Nesbitt Memorial Library Journal, Volume 10, Number 1, January, 2000 Page: 29
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Consider the Lily: The Ungilded History of Colorado County, Texas
On October 14, 1872, about six weeks after John C. Journey resigned the post,
Governor Davis appointed William Fondren as the new Columbus city marshal. Fondren had
been selected by the city government, but only by a narrow 3-2 margin. In addition to two
aldermen, the mayor, John C. Miller, also apparently opposed Fondren. All was well, how-
ever, when Fondren failed to qualify. Miller fired off a letter to the governor recommending
James W. Fields for the post, and stipulating that more than one hundred citizens had en-
dorsed his candidacy. Davis appointed Fields to the post on November 1.37
Four days later, county voters went to the polls. When the voting ended, on
November 8, John R. Brooks had been elected sheriff. Brooks, who beat the incumbent,
Good, by ninety votes, took over the post in an orderly manner on January 3, 1873. At the
same time, the voters of Colorado and Lavaca Counties elected three representatives to the
state legislature. The three Republican candidates, Eugene L. Overbay, Benjamin F. Will-
iams, and Johann Zwiegel, narrowly carried Colorado County, but, on the strength of the
vote from Lavaca County, the three Democrats, Thomas A. Hester, Fritz Leyendecker, and
George W. Smith, won the seats.38
The City of Columbus was allowed to begin conducting elections again in June
1873, at which time, it seems, the city council again became an all-white, though largely
German, institution. Still, conservative distrust of government remained strong. In the sum-
mer of 1874, a mild scandal erupted, when the city came under criticism for renting an office
for the mayor when it already owned a small building, called the market-house, which con-
tained stalls that were once used by butchers. Already discontented with local tax rates, the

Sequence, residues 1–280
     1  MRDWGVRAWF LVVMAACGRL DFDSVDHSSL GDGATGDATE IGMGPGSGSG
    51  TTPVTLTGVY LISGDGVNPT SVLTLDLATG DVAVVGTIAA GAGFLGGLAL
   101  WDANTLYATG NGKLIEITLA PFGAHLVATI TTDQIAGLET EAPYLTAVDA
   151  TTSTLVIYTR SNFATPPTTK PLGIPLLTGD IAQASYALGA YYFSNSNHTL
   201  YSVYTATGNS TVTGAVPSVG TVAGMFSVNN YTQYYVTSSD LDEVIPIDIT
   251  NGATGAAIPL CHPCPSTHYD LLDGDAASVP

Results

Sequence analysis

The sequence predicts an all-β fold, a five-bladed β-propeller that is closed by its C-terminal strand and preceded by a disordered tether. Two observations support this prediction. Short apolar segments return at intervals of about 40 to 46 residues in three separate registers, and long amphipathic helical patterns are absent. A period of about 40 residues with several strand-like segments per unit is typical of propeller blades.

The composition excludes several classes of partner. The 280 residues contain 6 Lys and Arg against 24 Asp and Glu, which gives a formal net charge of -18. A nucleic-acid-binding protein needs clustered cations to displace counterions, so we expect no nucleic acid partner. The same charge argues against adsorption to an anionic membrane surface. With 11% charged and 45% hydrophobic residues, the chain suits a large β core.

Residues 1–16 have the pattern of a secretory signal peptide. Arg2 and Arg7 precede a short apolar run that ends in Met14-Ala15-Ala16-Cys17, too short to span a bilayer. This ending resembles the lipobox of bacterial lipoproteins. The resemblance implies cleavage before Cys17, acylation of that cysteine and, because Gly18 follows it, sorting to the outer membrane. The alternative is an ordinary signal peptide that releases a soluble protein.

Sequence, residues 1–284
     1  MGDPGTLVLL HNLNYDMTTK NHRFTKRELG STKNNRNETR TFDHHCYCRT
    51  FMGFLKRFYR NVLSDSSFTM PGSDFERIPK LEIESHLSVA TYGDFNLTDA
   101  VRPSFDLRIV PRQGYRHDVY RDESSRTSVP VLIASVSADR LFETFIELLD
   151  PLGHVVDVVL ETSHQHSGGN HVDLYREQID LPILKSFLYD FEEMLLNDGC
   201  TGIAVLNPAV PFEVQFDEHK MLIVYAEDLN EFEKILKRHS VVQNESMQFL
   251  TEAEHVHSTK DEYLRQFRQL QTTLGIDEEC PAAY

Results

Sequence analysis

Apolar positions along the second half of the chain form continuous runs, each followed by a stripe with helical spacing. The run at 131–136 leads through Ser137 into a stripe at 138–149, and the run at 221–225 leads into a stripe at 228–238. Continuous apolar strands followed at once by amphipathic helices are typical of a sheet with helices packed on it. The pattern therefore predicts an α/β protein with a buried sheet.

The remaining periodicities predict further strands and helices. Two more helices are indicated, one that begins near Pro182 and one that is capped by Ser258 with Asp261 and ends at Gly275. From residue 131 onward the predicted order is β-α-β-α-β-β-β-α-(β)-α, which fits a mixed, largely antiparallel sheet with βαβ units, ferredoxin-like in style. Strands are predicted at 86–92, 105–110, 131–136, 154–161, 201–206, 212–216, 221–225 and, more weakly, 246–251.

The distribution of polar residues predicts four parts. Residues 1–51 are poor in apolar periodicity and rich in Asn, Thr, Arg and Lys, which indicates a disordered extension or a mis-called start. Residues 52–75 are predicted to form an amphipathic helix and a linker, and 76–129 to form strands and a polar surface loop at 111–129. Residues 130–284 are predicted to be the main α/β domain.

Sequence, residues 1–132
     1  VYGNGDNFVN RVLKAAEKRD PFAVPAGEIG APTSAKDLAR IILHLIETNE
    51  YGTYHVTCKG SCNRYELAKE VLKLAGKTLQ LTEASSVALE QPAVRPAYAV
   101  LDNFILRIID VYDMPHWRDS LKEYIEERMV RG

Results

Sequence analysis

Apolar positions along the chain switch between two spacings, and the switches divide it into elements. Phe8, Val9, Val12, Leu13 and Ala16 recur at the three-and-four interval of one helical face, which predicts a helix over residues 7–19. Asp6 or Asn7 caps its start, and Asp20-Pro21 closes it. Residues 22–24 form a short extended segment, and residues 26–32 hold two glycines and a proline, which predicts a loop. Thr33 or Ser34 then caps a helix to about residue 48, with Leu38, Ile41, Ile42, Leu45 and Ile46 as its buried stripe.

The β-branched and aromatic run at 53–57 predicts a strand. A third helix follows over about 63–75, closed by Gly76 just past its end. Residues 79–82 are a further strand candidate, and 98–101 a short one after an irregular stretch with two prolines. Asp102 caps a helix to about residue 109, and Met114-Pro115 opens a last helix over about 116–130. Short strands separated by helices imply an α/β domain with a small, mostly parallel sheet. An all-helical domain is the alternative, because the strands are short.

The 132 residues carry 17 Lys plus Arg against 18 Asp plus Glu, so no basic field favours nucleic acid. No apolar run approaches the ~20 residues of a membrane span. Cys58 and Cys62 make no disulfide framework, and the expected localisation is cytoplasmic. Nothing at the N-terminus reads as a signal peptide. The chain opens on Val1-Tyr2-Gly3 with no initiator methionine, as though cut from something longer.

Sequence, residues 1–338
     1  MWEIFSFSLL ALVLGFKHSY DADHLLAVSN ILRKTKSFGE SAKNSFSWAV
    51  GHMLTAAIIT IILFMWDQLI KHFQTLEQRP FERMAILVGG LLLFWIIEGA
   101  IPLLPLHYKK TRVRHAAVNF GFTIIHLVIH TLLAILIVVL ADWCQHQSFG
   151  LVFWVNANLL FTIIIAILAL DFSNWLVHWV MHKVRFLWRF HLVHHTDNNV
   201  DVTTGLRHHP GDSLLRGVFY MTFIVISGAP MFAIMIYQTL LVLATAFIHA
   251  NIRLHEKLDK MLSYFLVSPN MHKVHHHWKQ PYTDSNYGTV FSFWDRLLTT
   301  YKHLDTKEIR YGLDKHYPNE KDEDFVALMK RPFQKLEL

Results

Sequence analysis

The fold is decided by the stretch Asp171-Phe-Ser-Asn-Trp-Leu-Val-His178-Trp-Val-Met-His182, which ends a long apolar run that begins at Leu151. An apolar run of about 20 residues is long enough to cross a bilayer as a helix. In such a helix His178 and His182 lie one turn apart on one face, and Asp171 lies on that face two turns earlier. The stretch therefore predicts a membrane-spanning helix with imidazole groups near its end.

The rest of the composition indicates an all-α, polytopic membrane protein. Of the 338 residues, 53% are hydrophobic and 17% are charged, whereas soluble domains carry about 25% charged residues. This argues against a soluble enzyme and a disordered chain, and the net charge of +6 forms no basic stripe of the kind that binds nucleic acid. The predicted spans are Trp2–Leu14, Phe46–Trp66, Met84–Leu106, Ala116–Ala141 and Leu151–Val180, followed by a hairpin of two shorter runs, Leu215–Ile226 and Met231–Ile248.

citizenry was further aroused by an editorial in the August 20, 1874 issue of the Colorado
Citizen, which noted a move to have the city take over the ferry on the north side of town,
to make it free, and to raise taxes to pay the expenses of its operation. The Citizen agreed
that free access to the city, and therefore to the railroad, ought to be provided to people who
lived north of town, but suggested that the only way the citizens could afford it would be to
eliminate the city government, which it decried as an expensive luxury. On September 24,
the mayor, John D. Gillmore, announced that city tax collection practices had been lax and
37 City Officials Appointment Book, City of Columbus, p. 36, Secretary of State Records (RG
307), Archives Division, Texas State Library, Austin; Bartley Harbert et al. to Edmund J. Davis, Sep-
tember 4, 1872, John C. Miller to Edmund J. Davis, September 5, 1872, Edmund J. Davis Records (RG
307), Archives Division, Texas State Library, Austin. It is assumed that the mayor did not support
Fondren's candidacy because he, quite conspicuously, did not sign the letter the council sent to the
governor on September 4.
38 Colorado County Election Returns, Lavaca County Election Returns, Secretary of State
Records (RG 307), Archives Division, Texas State Library, Austin. In Colorado County, Zwiegel got
1203 votes, Overbay 1166, Williams 1162, Leyendecker 1153, Smith 1127, and Hester 1124. In Lavaca
County, the totals were: Zwiegel 315, Overbay 323, Williams 296, Leyendecker 838, Hester 859, and
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Nesbitt Memorial Library. Nesbitt Memorial Library Journal, Volume 10, Number 1, January, 2000, periodical, January 2000; Columbus, Texas. (texashistory.unt.edu/ark:/67531/metapth151408/m1/29/?q=nesbitt%20memorial%20library%20journal: accessed October 19, 2017), University of North Texas Libraries, The Portal to Texas History, texashistory.unt.edu; crediting Nesbitt Memorial Library.